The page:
The Conditions of Agency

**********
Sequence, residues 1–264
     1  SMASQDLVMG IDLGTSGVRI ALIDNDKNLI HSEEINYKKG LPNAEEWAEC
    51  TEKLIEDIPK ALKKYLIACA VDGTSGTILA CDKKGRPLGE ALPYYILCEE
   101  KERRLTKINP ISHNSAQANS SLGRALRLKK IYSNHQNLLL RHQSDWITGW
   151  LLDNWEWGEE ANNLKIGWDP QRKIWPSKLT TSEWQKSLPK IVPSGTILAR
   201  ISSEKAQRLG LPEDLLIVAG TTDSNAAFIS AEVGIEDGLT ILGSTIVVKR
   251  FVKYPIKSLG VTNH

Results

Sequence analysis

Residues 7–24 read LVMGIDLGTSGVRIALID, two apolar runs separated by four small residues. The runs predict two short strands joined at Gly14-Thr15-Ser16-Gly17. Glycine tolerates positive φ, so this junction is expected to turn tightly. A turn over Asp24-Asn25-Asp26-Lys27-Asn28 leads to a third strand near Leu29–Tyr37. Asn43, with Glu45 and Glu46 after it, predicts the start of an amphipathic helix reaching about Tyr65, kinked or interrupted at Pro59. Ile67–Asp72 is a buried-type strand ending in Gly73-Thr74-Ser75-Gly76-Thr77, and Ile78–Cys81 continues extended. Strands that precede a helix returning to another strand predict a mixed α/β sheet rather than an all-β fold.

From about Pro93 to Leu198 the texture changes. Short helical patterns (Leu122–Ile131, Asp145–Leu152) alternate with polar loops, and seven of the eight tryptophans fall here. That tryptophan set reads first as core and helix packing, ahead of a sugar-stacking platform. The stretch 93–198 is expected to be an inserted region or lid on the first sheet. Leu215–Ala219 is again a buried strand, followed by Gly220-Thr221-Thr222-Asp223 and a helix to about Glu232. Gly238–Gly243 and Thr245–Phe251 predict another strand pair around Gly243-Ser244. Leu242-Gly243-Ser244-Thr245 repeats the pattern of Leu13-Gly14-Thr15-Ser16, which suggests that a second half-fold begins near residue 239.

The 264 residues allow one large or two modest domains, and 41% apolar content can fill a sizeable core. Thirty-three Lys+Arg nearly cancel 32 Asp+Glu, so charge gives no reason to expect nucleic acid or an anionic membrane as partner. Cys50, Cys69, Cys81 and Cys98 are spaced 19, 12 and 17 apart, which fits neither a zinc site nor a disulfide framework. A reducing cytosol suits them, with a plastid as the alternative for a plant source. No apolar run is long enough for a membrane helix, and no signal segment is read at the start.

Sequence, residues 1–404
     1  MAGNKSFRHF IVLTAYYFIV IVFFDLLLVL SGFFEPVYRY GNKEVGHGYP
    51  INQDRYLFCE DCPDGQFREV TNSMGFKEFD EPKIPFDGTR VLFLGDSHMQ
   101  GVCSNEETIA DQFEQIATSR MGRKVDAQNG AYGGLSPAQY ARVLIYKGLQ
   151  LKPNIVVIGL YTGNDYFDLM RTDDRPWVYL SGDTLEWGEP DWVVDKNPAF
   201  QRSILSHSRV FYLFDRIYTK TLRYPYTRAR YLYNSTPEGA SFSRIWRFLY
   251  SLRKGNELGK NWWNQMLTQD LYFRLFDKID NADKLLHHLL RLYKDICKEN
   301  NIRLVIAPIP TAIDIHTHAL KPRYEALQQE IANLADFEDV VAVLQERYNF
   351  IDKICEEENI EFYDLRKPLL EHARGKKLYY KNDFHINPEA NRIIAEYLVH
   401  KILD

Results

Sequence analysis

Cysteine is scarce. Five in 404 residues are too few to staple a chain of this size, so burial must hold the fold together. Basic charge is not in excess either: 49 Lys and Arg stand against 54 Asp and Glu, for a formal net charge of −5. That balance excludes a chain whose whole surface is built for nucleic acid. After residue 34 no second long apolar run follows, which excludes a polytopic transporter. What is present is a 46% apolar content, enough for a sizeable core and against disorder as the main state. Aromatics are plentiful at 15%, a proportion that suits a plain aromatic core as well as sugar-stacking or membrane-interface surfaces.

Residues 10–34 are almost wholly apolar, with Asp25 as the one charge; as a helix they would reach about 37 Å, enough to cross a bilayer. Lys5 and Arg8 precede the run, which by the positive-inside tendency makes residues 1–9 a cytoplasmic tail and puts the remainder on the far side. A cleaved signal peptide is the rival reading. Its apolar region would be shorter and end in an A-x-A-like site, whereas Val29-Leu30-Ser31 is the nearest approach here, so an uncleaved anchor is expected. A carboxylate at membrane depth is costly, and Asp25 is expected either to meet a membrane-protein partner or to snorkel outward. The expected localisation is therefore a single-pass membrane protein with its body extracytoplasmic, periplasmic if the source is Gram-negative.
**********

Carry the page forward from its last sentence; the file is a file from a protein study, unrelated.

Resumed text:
This chapter introduces the conditions a system must meet to count as an agent. At a basic level, a system is an agent if it acts so as to satisfy its desires in accordance with its beliefs, where these are attitudes that have propositions as contents. Such a system is rational if its attitudes and actions meet certain desiderata of consistency and effectiveness. It is capable of reasoning if it can raise questions about the relations among propositions, and between propositions and evidence; form beliefs about those relations; and is disposed to let these beliefs serve as checks on its own rationality. The chapter argues that there is no reason why a group of people might not constitute a system that counts as an agent. A group might do so non-intentionally but the focus of the book is on intentionally formed group agents.
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